When JCF hosts a family dinner, 1,600 folks RSVP

It was some "family dinner."

There were 158 tables, an orchestra and a veritable sea of freshly coifed heads, not to mention sparkling brooches plucked from the bottom of jewelry boxes. The entertainment wasn't Uncle Murray making milk come out of his nose but Academy Award-winning performer Joel Grey whirling across the stage like a dervish.

"This evening you are at home, with your extended family," said Wayne Feinstein, executive vice president of the S.F.-based Jewish Community Federation. "I wish we could all be seated together close, in my living room."

But no amount of bridge tables and fold-up chairs could ever accommodate the crowd of nearly 1,600 — the largest group ever assembled for a dinner in the history of the Bay Area Jewish community.

The magnitude of Tuesday's event at San Francisco's Hilton Hotel came as a surprise to organizers, who threw the dinner as a thank-you gesture to members of the new "Quarter Century Circle," a group of donors who have given any amount to the federation for 25 consecutive years or more.

Plans were made for about 600 guests but RSVPs flooded in, and who was the federation to turn down family?

The event was for "everyone from the macher to the shlepper," explained Rabbi Alan Lew of Congregation Beth Sholom in San Francisco. "Everyone is equal. Some have given much, some not so much. What we're honoring is constancy of heart."

As he addressed the crowd, Lew was multiplied and magnified by three huge video screens in the vast ballroom. "I thank God for the great but simple miracle of your persistence," he said.

Like many of the senior honorees, Art Nevins began giving to the federation when times were tough. During the Depression he was fresh from Brooklyn and struggling to make a living selling ladies' hats and gloves.

"I only gave a little," explained Nevins between courses of roast chicken and chocolate cake. "It wasn't how much, it was the giving. I came from a family that did that."

Before sitting down to dinner, Liesel Kaufmann mingled in the crowded ballroom with her family. She smoothed the silk of the vivid green dress she hadn't worn since her son's wedding two years ago.

"I'm excited. It's our 47th anniversary. This is a helluva way to celebrate," she said.

"And I've got my cuff links," joked her husband, John.

The Kaufmanns have been giving to the federation every year since they settled in Palo Alto in 1958.

The price tag for the dinner party was estimated at $100,000, according to Feinstein, but its entire budget came from special private grants. Those were specifically established "to recognize our most dedicated donors and encourage others to follow in their footsteps," he said.

Donors were saluted in categories — those who had given for 25, 35, 45 and 50 years. As spotlights scanned the banquet hall, the honorees stood beside their seats to loud applause.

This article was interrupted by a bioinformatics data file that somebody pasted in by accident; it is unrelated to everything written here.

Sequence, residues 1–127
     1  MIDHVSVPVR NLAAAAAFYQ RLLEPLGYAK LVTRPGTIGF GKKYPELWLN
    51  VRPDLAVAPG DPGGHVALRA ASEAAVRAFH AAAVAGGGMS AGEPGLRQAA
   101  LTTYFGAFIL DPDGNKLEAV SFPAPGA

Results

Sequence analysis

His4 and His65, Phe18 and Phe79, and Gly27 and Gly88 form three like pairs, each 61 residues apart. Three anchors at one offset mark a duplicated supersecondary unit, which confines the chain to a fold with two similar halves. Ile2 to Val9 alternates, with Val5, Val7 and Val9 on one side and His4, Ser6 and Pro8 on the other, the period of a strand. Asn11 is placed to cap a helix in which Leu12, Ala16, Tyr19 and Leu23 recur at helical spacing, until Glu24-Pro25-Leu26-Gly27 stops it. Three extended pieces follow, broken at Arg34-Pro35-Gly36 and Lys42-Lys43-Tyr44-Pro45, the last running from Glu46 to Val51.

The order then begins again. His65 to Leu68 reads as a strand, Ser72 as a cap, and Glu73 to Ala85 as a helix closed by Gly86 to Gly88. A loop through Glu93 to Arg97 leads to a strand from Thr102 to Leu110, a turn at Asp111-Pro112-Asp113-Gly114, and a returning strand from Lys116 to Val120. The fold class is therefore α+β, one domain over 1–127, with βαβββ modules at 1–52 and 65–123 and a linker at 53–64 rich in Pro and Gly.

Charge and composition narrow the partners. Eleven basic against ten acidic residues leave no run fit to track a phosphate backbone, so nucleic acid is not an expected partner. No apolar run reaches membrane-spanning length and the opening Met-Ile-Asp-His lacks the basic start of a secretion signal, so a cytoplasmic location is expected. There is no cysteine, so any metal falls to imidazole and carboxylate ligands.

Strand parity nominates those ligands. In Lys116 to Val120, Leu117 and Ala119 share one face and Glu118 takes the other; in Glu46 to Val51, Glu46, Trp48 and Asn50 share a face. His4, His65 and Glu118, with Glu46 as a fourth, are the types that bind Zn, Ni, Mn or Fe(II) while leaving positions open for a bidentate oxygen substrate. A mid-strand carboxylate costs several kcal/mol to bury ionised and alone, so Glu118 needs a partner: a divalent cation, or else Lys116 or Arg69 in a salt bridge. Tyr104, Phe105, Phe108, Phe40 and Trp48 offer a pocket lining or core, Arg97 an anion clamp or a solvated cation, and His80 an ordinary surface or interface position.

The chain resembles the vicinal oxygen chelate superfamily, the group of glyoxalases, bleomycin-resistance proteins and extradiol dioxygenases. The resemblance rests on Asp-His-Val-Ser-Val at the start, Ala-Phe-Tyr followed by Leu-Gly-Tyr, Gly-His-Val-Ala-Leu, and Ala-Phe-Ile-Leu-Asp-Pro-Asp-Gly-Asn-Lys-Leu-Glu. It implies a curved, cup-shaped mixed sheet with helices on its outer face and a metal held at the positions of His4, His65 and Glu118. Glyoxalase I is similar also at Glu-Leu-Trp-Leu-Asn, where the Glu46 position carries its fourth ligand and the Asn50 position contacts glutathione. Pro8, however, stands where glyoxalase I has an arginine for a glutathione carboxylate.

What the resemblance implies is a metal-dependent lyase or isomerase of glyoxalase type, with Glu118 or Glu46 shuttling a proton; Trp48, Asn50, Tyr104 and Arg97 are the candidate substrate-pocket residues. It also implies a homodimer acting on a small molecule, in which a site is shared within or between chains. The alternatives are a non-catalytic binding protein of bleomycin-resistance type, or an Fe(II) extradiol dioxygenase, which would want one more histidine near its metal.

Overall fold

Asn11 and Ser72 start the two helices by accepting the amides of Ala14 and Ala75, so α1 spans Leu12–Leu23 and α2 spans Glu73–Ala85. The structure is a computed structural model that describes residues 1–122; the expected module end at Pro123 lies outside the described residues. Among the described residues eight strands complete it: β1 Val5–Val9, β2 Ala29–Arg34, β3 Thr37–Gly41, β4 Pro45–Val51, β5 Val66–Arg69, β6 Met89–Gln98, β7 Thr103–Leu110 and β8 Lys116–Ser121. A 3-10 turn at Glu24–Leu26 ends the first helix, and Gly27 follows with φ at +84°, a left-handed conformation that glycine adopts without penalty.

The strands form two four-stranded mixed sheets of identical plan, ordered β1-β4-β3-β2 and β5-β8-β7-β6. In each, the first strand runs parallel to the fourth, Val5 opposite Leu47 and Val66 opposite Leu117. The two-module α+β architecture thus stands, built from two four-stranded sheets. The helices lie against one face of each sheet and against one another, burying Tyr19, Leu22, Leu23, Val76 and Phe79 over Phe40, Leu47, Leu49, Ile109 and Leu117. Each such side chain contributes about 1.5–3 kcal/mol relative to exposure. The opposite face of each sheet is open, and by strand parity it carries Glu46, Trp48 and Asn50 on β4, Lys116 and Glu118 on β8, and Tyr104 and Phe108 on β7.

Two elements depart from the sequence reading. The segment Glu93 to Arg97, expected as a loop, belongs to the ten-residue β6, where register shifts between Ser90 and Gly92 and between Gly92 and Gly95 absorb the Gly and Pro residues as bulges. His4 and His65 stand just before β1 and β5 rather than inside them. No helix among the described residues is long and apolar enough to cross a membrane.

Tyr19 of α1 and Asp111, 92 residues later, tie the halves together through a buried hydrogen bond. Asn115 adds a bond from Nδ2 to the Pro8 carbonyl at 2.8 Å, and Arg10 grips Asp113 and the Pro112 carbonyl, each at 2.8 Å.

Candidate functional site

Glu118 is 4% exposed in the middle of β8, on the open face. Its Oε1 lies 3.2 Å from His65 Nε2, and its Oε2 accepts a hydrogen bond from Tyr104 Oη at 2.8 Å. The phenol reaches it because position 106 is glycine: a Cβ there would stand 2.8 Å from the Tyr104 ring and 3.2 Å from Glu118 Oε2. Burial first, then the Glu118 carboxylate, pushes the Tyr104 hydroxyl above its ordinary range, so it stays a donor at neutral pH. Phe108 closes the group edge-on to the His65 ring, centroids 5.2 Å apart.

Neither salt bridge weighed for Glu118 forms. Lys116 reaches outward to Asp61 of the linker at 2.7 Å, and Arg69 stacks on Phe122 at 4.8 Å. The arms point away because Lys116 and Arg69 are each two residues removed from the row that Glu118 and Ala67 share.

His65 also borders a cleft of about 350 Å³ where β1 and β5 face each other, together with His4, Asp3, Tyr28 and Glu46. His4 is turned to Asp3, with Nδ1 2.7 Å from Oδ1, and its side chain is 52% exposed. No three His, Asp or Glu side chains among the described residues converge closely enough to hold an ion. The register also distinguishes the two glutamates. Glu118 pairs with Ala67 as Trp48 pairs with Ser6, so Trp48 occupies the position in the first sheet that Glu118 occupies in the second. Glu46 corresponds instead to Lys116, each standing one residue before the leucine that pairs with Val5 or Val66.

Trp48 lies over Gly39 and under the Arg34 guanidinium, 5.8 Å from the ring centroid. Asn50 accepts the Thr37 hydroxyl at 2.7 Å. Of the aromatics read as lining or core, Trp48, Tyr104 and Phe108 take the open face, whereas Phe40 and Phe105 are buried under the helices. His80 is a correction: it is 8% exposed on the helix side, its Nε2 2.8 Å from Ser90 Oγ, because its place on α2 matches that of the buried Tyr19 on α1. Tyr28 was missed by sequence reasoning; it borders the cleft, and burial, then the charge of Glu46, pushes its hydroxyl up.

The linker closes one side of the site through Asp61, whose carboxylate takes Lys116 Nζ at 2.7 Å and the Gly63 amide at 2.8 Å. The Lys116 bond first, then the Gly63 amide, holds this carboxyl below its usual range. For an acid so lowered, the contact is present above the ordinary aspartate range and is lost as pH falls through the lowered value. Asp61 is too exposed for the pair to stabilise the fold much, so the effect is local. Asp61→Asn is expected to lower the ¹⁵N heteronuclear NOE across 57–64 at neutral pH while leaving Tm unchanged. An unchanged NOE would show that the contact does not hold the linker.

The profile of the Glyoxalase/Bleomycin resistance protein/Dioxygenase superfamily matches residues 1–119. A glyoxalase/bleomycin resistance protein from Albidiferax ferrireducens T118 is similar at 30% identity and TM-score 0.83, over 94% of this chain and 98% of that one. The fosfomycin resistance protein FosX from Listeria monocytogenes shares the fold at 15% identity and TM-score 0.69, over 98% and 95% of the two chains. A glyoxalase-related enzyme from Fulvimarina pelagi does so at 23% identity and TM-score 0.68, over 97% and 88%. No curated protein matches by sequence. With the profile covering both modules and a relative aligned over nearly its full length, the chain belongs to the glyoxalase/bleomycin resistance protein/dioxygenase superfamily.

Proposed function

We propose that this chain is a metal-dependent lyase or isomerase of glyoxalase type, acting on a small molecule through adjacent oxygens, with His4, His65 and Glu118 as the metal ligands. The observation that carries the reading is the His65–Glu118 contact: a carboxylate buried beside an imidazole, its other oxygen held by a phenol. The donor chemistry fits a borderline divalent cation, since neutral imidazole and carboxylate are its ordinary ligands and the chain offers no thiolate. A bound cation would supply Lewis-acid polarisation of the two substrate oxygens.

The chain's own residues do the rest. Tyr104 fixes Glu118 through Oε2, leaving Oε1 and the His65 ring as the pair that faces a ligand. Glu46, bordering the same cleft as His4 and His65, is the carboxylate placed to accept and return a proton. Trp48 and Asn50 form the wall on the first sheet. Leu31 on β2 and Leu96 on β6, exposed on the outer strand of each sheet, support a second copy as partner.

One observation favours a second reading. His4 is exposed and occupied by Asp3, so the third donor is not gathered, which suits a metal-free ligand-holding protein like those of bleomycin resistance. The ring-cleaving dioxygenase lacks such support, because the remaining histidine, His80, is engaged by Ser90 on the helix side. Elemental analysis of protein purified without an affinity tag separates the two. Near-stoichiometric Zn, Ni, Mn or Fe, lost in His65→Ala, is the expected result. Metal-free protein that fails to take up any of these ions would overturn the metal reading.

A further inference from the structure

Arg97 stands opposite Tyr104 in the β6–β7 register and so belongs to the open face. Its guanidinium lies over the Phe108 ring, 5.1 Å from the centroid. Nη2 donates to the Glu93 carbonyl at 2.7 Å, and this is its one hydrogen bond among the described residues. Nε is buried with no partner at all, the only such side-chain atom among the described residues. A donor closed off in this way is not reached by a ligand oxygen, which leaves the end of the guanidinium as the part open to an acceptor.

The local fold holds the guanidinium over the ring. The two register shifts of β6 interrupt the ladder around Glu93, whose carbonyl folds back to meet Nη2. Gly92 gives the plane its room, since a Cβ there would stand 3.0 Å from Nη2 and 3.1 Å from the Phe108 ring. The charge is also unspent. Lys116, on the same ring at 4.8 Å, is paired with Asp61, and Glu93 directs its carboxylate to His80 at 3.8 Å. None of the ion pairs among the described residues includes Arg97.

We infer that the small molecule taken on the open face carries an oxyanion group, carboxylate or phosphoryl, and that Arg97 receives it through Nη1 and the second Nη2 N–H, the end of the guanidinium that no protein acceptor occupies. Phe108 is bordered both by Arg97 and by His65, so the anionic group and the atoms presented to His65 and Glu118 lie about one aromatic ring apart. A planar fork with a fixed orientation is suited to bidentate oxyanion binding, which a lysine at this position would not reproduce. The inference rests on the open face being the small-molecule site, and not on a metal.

Event co-chair Golda Kaufman then welcomed to the stage 18 donors who are notable because all have donated for 60 years or more. Clutching white bouquets, they shyly smiled at the hundreds of faces looking up at them.

Among those faces were those of the honorees' children and grandchildren, whom Kaufman asked to stand "so we can take a look at our future."

Goldman's own grandson, Steve Kaufman, who came from Portland, Ore., for the event, rose with the younger generation.

"When Grandma throws a party, everyone comes," he said.

Al Spencer's relatives came from as far away as New Zealand and Israel for the occasion. At 97, Spencer is one of the oldest and most consistent donors to the federation. He augments his annual checks by volunteering time each week to converse with residents of the Jewish Home for the Aged, and was featured in a short video about the federation's work that was screened at the dinner.

The film aimed to highlight the progress made possible by donors such as Spencer, an immigrant from Budapest.

Images of Nazi Europe were intercut with those of refugees the federation resettled here after World War II. Colorful flashes showing Jewish children dancing at summer camp, Soviet emigres learning English, and bar and bat mitzvah celebrants singing at the bimah illustrated the organization's support of Jewish education and continuity in the Bay Area since the Federation of Jewish Charities — as it was originally called — was formed in 1910.

Spencer and the other 60-year donors inspired a standing ovation from the crowd. So did former Jerusalem Mayor Teddy Kollek, who made a surprise visit to thank the group for their support of Israel and other Jewish causes.

Applause also greeted Alan Rothenberg, current federation president, who presented Richard Goldman, a past president, with an oral history of Goldman's tenure as local leader and philanthropist.

The last standing ovation of the evening was reserved for sprightly entertainer Joel Grey, whose act sashayed between show tunes such as "New York, New York" and Yiddish novelty songs made famous by his father, Borscht Belt comic Mickey Katz.

After riffing, bantering and kickball-changing his way through several songs, Grey switched to a more serious mood. A spotlight shone on his gently lined face as he talked about his dad, who taught him about living both onstage and off.

He segued into an emotional rendition of "My Yiddishe Papa."

Good thing Feinstein had welcomed the audience by telling them, "if you feel like kvelling or shedding a tear, it's OK — you're among family."